KAIST will be receiving until May 31, Thursday, applications for ‘the 3rd Ubiquitous Fashionable Computer (UFC)’ Contest, which will take place under the title of ‘Enjoy U-life with UFC’. The contest has begun in 2005 by KAIST and the Korean Society for Next-Generation Computing to raise people’s concern over next-generation computing and to prepare for the upcoming ubiquitous era. ‘UFC’ refers to a wearable computer small and light enough to be worn on human bodies or clothes so that users can use computers with no restriction while moving. This terminology was created by Korea. The contest includes designated items division and free items division, and not only university students but also general public can participate in the free items division. Teams qualified for the final contest in the designated items division will be offered wearable computer platform and 1.5 million won of production cost. The final contest will take place at the UFC fashion show stage ‘Next-Generation Computing Exhibition’ at KOEX in November. Hee-Joon You, Co-president of the Contest Committee and a professor of Electrical Engineering, stressed on the future life made joyful by IT technologies by saying, “Considering the title of the contest, we’ve selected ‘games enjoyed with UFCs’ as a mission of the designated items division to combine games, rising software, and wearing computers, hardware.” UFC is a brand-new field that fuses IT technologies and fashion, seeking the improvement of computer technologies and fashion creation. UFC, a further advanced wearable computer than existing ones, is an important advanced field that leads computer industries in the ubiquitous era.
Final competition of 'UFC' contest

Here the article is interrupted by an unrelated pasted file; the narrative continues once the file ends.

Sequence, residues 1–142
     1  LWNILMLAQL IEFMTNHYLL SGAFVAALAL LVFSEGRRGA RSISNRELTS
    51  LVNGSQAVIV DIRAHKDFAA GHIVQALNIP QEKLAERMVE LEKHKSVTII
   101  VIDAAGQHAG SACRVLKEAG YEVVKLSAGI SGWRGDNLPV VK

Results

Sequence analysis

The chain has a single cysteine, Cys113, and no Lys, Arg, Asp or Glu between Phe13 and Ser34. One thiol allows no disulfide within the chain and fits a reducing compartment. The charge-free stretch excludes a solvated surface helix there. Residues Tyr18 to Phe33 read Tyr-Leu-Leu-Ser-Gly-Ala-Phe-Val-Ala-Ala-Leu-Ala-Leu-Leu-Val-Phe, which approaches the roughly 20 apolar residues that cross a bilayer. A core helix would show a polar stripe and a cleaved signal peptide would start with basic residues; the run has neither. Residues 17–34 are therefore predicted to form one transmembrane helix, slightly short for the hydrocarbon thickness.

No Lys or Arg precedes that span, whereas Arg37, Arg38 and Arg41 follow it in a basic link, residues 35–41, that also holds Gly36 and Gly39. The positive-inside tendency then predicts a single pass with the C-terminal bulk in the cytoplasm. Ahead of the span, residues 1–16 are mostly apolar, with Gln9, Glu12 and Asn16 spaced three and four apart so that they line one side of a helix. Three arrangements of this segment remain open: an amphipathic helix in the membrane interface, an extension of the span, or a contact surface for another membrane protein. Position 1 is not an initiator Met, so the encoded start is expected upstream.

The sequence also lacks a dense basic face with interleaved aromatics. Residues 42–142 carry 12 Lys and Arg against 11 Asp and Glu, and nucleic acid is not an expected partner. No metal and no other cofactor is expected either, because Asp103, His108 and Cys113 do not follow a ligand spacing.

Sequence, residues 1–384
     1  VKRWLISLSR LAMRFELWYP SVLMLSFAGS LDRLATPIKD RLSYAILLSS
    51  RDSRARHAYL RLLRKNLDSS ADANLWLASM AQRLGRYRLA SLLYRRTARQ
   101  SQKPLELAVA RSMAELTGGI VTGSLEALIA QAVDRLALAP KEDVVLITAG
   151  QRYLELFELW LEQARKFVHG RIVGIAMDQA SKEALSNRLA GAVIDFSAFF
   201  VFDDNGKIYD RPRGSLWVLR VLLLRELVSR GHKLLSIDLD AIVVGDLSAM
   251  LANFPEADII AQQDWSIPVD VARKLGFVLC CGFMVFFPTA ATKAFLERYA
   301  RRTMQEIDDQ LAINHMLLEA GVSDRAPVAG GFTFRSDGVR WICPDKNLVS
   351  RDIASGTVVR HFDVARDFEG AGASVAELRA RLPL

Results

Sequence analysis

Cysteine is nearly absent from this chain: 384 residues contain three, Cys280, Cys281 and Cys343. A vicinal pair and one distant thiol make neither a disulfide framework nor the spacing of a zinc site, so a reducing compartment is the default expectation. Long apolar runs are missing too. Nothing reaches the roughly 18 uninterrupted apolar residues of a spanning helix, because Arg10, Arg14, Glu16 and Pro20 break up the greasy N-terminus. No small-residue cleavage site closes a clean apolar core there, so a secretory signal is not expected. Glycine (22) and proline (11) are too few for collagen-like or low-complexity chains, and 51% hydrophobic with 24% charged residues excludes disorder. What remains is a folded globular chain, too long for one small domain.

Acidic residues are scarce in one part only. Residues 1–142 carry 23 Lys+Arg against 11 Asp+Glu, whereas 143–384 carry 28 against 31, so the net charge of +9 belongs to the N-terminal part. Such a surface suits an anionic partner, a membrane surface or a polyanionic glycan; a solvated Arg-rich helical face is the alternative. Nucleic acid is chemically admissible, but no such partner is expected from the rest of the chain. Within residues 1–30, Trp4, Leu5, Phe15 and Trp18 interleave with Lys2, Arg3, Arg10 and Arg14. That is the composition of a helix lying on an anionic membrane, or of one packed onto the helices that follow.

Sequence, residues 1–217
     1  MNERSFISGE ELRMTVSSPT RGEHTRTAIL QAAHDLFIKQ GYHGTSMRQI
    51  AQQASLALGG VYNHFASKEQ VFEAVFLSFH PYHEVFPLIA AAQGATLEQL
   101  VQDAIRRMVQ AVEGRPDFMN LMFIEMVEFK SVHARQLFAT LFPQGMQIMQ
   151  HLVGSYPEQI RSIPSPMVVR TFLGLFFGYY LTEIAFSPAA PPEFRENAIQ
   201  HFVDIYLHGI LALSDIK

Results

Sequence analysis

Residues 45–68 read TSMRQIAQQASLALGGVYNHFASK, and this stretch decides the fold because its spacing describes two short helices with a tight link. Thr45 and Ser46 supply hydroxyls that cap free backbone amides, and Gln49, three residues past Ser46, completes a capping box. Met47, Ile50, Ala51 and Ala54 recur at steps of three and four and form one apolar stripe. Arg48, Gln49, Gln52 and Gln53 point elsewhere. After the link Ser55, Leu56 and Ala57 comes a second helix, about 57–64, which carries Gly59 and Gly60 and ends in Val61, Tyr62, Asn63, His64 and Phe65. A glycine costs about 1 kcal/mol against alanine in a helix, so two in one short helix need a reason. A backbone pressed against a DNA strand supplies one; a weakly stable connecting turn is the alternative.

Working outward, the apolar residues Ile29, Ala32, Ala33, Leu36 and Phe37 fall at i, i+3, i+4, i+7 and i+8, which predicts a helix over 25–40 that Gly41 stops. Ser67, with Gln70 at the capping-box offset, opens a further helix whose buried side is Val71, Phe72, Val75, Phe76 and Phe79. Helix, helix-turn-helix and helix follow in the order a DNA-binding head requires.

Final competition of ‘UFC’ contest Joint university team D-M2 won first prize The final winner of ‘the 2nd Ubiquitous Fashionable Computer (UFC) contest‘, co-hosted by KAIST and the Korean Society for Next-Generation Computing (KSNGC), was determined. At the final competition of November 17 among 9 qualified teams, the first prize went to D-M2, composed of students from Seokyeong University, Kookmin University, Hongik University, and Sungshin Women’s University. D-M2 manufactured a work utilizing a user’s motion information by applying motion capture technologies to UFC. Particularly, the work gained a high score at the item of the functional perfection by controlling the robot according to a user’s motion. The gold prize went to the smart jacket by Jjik-eo-cha-ki (Kwangwoon University and Duksung Women’s University). The smart jacket is embedded with an intelligent clothes function in terms of checking a user’s status in a real-time basis and delivering it to a doctor, etc. The silver and bronze prizes went to Samsung Software Membership (SSM) and Hanse University, respectively. SSM manufactured a training suit with sensors for grasping the movement of each articulation of a user built-in, and Hanse University developed a system enabling blinders to get a voice service of general documents or books regardless of time and place. The participants composed of university students or graduate students have passed the severe qualifying contest through the examination of written plan and presentation of last April and manufactured creative works that realize the fusion of IT technologies and fashion. At the contest, that fact that all winners of the first, gold, and silver prizes were the members of SSM gained more attention. UFC is a new field that pursuits the enhancement of computer technologies and the creation of fashion simultaneously by fusing IT technologies and fashions. UFC is a one-step advanced field of the existing wearable computer and an important cutting-edge field that leads a computer industry in the era of ubiquitous. “The level of the works exhibited was higher than I’d expected and the cooperation between the departments of Closing Textile and Electronics appeared to be so positive, which made me expect more brilliant future of the next-generation computing industry,” said Hoijoon You, Co-chairman of the contest and professor of the department of Electrical Engineering.